Cambodia’s parliament approves new deputy prime minister

Cambodia’s National Assembly confirms Hun Many as the new deputy prime minister, emphasising familial ties within the government. Promotions aim to bolster political programs’ implementation. Parliament now has 11 deputy prime ministers.

Cambodia’s National Assembly confirmed Hun Many, the current Civil Service Minister, as the new deputy prime minister during Wednesday’s session. Hun Many, who assumed the role of Civil Service Minister in August, is the younger brother of Prime Minister Hun Manet and the youngest son of former Prime Minister Samdech Techo Hun Sen. The endorsement received unanimous support from approximately 120 lawmakers present, including Hun Manet.

Following the vote, National Assembly President Khuon Sudary declared Hun Many’s appointment as deputy prime minister. Additionally, the parliament approved the promotions of Sry Thamarong and Pen Vibol, both serving as ministers attached to the prime minister, to the positions of senior ministers responsible for special missions.


Hun Many’s elevation to deputy prime minister underscores the political influence wielded by Prime Minister Hun Sen’s family within Cambodia’s government. The move aligns with broader trends of familial succession and consolidation of power within the ruling party. These developments signify a continuation of existing political dynamics in Cambodia, where familial connections and loyalty to the ruling party play significant roles in the government’s structure and decision-making processes.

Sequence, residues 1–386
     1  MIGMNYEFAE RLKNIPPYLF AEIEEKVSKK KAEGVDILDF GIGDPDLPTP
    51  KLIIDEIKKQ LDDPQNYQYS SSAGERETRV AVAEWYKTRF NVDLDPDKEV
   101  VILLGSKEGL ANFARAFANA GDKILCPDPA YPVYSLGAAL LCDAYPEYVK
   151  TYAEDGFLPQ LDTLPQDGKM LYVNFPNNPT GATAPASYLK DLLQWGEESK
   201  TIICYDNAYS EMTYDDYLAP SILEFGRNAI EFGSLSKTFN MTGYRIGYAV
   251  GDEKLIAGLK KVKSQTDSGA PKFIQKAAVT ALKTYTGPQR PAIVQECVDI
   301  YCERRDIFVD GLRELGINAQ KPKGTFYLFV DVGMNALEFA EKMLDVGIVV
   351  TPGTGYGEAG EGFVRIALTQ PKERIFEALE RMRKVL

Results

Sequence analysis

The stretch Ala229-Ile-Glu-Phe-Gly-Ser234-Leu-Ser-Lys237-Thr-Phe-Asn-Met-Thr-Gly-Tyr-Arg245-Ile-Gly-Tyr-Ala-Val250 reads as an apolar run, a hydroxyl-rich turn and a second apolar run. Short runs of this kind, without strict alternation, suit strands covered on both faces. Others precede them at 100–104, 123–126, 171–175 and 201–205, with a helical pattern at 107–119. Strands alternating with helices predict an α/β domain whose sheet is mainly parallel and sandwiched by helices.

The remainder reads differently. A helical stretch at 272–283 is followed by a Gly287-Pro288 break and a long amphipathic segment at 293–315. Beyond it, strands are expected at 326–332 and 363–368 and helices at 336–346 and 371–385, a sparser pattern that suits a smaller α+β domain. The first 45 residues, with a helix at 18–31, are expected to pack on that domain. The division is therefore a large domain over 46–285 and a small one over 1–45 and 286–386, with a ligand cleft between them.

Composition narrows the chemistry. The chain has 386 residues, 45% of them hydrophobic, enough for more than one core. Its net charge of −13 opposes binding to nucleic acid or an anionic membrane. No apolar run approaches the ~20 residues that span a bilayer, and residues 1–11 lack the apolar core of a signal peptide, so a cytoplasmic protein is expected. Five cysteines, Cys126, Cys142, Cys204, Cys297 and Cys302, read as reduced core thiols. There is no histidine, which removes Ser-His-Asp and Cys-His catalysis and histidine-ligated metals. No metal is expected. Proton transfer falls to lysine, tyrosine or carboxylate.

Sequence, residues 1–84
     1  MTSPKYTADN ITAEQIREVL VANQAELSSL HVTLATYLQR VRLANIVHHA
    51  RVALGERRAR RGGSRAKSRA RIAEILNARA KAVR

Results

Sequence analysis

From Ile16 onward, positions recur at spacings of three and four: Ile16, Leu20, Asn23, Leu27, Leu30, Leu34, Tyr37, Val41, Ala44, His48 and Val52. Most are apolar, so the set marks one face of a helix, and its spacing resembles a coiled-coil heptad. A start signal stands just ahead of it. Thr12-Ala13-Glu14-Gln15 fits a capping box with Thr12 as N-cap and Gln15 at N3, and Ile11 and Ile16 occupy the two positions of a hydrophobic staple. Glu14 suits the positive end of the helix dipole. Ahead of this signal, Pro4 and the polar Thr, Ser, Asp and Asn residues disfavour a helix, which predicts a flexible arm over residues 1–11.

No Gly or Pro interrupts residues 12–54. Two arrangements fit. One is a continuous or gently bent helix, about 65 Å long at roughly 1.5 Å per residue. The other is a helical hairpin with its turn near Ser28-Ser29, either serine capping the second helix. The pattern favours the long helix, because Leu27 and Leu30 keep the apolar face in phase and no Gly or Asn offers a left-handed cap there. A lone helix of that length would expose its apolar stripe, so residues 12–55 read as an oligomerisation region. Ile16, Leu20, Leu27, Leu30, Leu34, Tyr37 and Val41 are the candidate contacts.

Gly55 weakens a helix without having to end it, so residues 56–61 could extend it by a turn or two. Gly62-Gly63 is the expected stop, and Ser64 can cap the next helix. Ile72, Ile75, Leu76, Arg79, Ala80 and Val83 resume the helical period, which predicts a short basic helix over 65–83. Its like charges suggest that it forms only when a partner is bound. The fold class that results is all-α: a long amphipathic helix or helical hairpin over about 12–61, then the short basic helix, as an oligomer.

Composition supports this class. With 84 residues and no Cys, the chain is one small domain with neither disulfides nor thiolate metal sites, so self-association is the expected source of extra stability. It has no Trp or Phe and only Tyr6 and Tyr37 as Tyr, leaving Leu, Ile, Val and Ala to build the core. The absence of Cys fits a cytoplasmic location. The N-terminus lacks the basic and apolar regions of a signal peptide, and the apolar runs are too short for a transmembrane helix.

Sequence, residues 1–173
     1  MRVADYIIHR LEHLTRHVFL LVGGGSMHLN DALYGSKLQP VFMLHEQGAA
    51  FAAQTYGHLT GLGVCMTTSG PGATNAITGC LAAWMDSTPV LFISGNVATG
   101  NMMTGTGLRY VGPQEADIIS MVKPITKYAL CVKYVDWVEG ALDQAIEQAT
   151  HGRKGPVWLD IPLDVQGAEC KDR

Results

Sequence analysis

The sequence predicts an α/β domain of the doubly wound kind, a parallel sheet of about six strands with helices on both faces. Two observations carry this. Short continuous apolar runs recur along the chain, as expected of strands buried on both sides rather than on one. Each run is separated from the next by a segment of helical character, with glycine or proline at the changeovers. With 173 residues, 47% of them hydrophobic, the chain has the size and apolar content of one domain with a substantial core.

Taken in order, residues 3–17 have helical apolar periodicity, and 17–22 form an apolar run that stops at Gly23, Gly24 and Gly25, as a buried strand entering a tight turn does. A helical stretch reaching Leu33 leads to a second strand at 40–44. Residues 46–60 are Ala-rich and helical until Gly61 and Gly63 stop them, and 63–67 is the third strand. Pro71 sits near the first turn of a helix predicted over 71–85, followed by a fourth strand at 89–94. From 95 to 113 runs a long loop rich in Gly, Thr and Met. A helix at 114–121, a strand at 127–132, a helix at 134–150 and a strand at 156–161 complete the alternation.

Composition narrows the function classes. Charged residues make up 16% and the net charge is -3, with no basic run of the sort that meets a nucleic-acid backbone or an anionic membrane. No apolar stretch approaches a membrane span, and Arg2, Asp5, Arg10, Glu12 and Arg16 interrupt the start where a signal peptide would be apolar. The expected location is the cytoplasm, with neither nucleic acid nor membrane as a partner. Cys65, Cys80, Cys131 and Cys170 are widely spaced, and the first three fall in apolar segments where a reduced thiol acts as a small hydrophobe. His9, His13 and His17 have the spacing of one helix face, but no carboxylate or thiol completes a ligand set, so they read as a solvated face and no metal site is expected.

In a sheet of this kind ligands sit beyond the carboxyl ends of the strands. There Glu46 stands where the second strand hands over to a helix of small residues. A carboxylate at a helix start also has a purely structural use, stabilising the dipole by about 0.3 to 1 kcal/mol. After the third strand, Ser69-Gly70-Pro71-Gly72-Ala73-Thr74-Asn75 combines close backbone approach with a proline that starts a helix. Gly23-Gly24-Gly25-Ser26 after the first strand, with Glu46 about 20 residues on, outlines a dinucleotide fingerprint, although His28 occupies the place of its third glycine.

Before the voting session, Hun Manet expressed that the recent appointments aimed to enhance the effective execution of the government’s political programs in the seventh legislature of the National Assembly. Following these appointments, the tally of deputy prime ministers in Cambodia now stands at 11, while the count of senior ministers has climbed to 23.
Cambodia’s National Assembly comprises 125 lawmakers, 120 representing the ruling Cambodian People’s Party (CPP) and five from the royalist Funcinpec Party.